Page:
Chinese Takeout Cookbook: From wontons to sweet 'n' sour, over 70 recipes to re-create your favorites by Kwoklyn Wan (Hardie Grant Publishing, $22.99).
Photo: Handout
Photo: Handout

New cookbook offers recipes for classic Chinese takeout dishes

Late in the 19th century, a Chicago inventor created a paper pail with origami-inspired folds for transporting raw oysters without leakage. Little did he realize that his design would later serve as the vehicle for introducing Westerners to chow mein, Buddha’s Delight, and other Chinese classics that could be picked up to go or delivered right to their doorstep.

Kwoklyn Wan learned to make those now-ubiquitous dishes from scratch growing up in his parents’ Cantonese restaurants in Leicester, England. Now a professional chef, Kung Fu instructor and BBC radio personality, he has perfected those formulas and presented them in a tantalizing little volume he calls “the holy grail of Chinese takeout (and restaurant) trade-secret recipes.”

In the introduction to “Chinese Takeout Cookbook,” he explains that it is not his intention to offer his own interpretations of Chinese cuisine, but rather help the home cook easily replicate the flavors they already know and love.

The table of contents reads like a Chinese menu that could be hanging on a refrigerator magnet anywhere: Wonton Soup and Sesame Seed Prawn Toast under Starters and Soups; Cantonese Style Sweet and Sour Pork and Happy Family under Beef and Pork; Szechuan Style Crispy Tofu with Chili and Salt under Vegetarian; Singapore Chow Mein under Rice and Noodles. A short chapter called Buns and Sweet Things includes recipes for Chinese Egg Custard Tarts, Banana Fritters, and Iced Coffee Tea — the latter a blend of brewed tea, strong coffee and sweetened condensed milk.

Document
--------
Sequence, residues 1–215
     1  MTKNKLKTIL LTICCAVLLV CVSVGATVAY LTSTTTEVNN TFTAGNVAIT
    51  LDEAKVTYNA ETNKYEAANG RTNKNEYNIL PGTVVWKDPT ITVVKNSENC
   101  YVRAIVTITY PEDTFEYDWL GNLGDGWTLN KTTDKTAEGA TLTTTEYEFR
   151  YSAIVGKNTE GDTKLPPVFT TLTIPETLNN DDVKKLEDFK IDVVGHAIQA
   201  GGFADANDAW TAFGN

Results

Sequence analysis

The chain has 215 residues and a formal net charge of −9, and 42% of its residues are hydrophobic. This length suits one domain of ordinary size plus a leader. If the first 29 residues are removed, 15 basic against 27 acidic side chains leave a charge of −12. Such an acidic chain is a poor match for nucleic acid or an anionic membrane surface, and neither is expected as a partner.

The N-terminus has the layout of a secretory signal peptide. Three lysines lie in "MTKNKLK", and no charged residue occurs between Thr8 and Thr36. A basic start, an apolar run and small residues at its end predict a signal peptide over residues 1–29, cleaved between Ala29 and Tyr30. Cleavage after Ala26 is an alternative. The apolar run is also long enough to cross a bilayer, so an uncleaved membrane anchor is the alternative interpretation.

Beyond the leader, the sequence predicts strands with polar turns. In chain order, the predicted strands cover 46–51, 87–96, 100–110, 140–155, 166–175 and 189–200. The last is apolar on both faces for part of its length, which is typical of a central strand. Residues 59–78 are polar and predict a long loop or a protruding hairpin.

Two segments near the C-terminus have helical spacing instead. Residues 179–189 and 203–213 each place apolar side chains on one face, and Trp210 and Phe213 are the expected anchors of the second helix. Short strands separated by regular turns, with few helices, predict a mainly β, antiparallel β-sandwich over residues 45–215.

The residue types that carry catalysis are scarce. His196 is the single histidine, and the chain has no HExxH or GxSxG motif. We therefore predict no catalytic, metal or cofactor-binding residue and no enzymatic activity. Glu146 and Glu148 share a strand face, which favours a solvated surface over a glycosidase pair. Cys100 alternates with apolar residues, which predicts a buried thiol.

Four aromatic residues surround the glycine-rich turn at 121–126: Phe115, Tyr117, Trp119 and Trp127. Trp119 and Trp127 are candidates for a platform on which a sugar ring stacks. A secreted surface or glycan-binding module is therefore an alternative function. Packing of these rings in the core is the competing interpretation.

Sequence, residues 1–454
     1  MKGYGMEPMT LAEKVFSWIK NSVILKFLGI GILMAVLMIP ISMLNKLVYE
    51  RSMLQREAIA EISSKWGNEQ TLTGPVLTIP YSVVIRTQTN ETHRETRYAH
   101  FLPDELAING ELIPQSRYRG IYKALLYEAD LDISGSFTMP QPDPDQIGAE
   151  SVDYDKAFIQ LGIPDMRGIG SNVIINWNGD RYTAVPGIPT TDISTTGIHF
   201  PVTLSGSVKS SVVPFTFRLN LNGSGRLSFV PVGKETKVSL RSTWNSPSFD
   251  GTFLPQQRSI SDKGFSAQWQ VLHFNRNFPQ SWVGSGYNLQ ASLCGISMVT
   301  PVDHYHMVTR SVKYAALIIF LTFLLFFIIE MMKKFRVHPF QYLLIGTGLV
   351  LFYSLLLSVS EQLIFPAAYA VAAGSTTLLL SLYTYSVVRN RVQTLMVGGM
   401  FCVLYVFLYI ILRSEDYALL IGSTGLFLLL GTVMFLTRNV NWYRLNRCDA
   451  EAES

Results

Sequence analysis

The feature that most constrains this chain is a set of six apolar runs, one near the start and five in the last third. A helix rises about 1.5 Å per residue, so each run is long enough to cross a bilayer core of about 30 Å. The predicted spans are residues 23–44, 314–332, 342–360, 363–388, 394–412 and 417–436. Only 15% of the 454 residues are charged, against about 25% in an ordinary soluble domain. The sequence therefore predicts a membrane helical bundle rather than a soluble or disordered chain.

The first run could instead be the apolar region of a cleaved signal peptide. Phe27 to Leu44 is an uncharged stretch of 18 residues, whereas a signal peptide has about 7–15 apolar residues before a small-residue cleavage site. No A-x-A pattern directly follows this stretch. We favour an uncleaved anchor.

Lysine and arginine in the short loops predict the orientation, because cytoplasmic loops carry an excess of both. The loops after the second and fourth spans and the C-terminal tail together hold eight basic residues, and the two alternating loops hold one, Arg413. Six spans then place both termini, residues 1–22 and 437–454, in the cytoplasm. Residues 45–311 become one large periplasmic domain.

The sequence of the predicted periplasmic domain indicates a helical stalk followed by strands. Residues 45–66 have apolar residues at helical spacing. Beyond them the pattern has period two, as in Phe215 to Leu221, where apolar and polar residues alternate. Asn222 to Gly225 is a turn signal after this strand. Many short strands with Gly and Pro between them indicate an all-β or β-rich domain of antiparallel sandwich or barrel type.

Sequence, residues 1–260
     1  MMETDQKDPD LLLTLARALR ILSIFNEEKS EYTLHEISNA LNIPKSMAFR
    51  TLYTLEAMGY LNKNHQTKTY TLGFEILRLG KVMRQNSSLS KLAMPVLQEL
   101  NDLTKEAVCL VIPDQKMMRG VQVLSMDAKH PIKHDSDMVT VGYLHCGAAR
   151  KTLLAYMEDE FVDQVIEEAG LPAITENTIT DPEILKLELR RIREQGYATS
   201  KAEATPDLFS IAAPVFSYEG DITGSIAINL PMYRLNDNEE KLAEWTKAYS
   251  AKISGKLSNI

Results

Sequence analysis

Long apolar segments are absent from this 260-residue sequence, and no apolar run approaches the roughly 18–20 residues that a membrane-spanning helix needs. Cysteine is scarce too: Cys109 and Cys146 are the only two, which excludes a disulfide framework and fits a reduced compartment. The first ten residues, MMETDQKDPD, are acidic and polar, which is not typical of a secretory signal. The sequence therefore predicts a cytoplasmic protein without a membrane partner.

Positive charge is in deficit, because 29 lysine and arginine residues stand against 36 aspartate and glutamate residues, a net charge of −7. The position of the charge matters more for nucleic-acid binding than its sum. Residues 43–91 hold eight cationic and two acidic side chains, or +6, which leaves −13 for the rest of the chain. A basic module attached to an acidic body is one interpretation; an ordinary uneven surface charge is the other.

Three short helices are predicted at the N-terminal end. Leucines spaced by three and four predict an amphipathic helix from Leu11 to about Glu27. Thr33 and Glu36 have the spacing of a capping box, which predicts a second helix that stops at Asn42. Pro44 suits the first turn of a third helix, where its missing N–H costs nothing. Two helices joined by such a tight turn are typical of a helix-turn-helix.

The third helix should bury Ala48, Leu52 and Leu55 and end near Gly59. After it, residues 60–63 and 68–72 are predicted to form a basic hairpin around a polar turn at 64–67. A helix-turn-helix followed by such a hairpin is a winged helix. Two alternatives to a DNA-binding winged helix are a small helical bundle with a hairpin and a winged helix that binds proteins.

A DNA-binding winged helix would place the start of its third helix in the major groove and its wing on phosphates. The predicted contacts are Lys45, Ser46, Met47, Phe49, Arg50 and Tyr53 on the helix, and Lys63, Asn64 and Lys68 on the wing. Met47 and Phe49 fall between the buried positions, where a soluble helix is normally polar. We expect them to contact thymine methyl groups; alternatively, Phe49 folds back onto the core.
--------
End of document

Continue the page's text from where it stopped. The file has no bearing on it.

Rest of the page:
Most of the recipes are designed for two servings with prep and cook times of 30 minutes or less. Some of his time estimates feel overly optimistic for my capabilities, but I managed to pull off a tasty meal of Shredded Crispy Chicken with Black Pepper with sides of Salt, Stir-Fried Bok Choy and rice in fairly quick order without too much hassle.

I could easily see cooking a meal from this book at least once a week, and taking comfort in sitting down to a Chinese feast in the time it would take to place an order and wait for the delivery guy to arrive.

Susan Puckett is a cookbook author and former food editor of The Atlanta Journal-Constitution. Follow her at susanpuckett.com.

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